Bullshit that its mostly cops, dunphy.

    The doctrine that allows prosecution in federal court after acquittal in state court is called the “separate sovereigns” rule, and it is used mostly against non-cop citizens.

    1. i’m well aware of the seperate sovereigns rule, as i used that exact language regarding sovereigns.

      regardless, i concede you may be correct that it is used more often against non-cops. probably the cases against cops are more famous/infamous, which could create the erroneous impression that they were more common. again, if so, i stand corrected.

  13. There’s also an exception for separate offenses that arise from the same act. This allows the same court to try the same guy more than once for the same thing. For example, conspiracy – after getting acquitted of the crime, the defendant is retried for conspiracy to commit the crime.

    And again, the poor baby police aren’t singled out for this. It is applied far more often to non-cops.

    1. i didn’t say their were singled out. i said it happened disproportionately with cops, and if i am wrong, so be it.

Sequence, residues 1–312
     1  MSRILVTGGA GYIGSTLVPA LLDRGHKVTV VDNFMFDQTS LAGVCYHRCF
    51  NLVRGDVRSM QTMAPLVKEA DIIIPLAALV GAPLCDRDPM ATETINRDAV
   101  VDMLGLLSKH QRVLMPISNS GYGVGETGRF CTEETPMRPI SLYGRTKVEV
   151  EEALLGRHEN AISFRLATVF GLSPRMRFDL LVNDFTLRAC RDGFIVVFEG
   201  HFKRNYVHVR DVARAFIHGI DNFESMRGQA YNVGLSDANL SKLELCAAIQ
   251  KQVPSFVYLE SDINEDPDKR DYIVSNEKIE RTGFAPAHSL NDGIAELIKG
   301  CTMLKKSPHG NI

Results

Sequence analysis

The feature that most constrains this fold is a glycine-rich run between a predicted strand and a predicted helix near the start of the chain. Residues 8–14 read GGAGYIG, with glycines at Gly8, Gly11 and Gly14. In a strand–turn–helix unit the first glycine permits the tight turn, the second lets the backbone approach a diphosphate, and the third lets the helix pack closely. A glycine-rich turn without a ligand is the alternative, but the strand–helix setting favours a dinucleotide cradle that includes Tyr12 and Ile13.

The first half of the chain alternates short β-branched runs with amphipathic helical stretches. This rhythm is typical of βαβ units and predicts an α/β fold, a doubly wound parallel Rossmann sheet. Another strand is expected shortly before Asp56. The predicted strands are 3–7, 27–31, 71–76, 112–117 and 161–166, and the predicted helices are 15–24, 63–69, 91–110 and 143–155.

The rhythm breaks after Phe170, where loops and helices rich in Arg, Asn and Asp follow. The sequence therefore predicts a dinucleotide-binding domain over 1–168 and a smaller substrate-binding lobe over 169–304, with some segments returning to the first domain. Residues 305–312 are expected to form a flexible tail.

regardless, my point is that it’s an injustice REGARDLESS of who it is applied to.

      one bite at the apple should apply, seperate sovereigns be damned.

  14. 1947 794.01: Rape and forcible carnal knowledge: Whoever ravishes and carnally knows a female of the age of ten years or more, by force and against her will, or unlawfully or carnally knows and abuses a female child under the age of ten years, shall be punished by death, unless a majority of the jury in their verdict recommend mercy, in which event punishment shall be by imprisonment in the state prison for life, or for any term of years within the discretion of the judge. It shall not be necessary to prove the actual emission of seed, but the crime shall be deemed complete upon proof of penetration only.